Recent cases of popping and cracking floor tiles have been blamed on the cold weather. (Photo: HDB)
The Housing and Development Board (HDB) offers more favourable terms in repairing dislodged tiles than private home builders, according to an oral answer from the Ministry of National Development published on Monday (5 February).
“In private developments, developers generally only rectify dislodged tiles during the one-year Defect Liability Period (DLP). Some may offer repair for dislodged tiles for a slightly longer period, for example, three years, but those are generally done on a goodwill basis.
“HDB’s practice has been more generous – besides helping flat owners repair dislodged tiles originally provided by HDB during the one-year DLP, it also offers goodwill repairs for up to 15 years.”
For cases beyond that, unit owners need to replace the tiles by themselves. Nevertheless, the Housing Board will do its best to help. For instance, it can assist in the removal and disposal of such tiles, as well as laying protective sheets if necessary.
Moreover, HDB has compiled a list of contractors which residents can hire to fix dislodged tiles at their homes at reasonable rates, while those struggling financially can ask for help from Grassroots organisations and Community Development Councils (CDCs).
The Ministry revealed this in response to a query from Liang Eng Hwa, MP for Holland-Bukit Timah GRC, who asked about the recent sharp rises in the popping and cracking of floor tiles at some HDB flats, and how the Housing Board intends to help residents facing this issue.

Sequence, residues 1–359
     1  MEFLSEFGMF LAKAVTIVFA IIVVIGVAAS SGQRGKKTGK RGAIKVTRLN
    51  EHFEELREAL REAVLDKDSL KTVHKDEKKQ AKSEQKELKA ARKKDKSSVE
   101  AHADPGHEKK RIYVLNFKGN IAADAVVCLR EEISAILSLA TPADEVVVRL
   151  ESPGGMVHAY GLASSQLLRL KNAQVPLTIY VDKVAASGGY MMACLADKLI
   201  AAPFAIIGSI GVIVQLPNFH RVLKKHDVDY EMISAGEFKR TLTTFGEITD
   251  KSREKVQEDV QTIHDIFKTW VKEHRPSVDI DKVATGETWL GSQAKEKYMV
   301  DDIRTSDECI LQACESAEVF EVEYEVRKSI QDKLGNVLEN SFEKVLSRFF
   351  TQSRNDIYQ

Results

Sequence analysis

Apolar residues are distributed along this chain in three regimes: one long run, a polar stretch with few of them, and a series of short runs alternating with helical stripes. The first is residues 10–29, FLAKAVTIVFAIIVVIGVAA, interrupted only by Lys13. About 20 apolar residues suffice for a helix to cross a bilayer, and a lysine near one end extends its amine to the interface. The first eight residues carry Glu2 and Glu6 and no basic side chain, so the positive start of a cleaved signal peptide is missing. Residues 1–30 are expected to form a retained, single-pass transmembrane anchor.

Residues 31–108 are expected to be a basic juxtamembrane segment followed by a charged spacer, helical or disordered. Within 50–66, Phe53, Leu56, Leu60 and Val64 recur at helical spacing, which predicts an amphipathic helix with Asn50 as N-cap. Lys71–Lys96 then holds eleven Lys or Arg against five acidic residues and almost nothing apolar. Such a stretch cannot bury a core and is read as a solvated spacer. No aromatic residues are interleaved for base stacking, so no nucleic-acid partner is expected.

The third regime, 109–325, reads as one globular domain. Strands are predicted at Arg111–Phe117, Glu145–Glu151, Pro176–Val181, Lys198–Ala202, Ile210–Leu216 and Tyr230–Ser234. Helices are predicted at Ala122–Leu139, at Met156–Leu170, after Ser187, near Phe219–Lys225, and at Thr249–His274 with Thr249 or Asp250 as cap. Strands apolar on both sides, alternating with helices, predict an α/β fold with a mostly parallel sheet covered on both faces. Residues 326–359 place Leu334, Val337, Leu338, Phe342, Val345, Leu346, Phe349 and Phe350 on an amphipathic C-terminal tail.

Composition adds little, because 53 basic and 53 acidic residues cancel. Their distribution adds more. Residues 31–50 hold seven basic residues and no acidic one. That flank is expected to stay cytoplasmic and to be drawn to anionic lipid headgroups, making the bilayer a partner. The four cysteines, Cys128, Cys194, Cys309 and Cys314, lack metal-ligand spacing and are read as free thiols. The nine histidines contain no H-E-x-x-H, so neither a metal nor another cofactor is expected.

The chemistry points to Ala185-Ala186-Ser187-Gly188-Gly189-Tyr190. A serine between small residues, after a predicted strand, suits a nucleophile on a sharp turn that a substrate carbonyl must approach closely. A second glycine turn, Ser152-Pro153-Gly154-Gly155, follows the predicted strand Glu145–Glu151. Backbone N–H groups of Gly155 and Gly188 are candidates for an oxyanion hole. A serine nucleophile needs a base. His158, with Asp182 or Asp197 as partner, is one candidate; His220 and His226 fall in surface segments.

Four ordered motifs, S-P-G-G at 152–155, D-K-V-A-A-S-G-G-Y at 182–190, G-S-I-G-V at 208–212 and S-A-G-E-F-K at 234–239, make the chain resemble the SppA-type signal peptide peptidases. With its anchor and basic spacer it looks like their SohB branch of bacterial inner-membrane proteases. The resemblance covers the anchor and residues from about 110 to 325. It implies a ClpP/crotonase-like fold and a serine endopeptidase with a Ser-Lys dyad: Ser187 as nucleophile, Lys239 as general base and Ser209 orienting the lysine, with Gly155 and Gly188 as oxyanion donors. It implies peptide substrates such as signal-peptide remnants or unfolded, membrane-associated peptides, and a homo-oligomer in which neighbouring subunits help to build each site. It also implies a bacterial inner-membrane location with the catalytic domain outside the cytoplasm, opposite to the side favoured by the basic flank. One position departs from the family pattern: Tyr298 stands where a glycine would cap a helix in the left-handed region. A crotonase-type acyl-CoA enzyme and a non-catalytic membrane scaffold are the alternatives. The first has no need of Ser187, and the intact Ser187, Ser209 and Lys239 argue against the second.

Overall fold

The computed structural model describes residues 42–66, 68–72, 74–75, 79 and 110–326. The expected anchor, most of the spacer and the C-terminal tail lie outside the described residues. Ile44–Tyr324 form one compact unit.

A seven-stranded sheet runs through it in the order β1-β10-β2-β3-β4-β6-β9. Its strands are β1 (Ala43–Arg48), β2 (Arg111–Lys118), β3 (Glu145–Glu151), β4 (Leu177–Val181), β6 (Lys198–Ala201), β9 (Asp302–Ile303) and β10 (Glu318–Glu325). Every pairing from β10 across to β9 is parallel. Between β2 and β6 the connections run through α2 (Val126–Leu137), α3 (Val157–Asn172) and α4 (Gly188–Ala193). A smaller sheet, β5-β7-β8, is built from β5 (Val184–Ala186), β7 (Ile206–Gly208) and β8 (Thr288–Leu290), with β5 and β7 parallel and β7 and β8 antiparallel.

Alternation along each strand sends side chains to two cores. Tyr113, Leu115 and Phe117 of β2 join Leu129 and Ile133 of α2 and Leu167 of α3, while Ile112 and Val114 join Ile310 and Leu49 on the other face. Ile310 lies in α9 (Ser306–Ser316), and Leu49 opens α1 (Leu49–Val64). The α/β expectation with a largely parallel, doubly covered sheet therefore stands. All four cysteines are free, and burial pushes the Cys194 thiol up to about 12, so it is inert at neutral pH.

“Tiles, like all fittings, fixtures and finishes in a flat, are subject to wear and tear over time. They may dislodge due to various reasons, such as differential thermal expansion and contraction of tiles, or the natural deterioration of the bond between the tiles and the screed surface.”
For the high number of cases involving dislodged tiles during the first half of January 2018, the Ministry said that this was likely due to temperature fluctuations and a prolonged period of unusually cold weather.
“The weather changes could have caused the tiles and the substrate to contract and expand at different rates, resulting in the loss of adhesion between the tiles and the substrate. This phenomenon is not unique to Singapore, and has also occurred in countries such as Taiwan and Hong Kong.
“Among the cases reported in HDB flats, close to half involved tiles installed by the flat owners during their own renovations,” it added.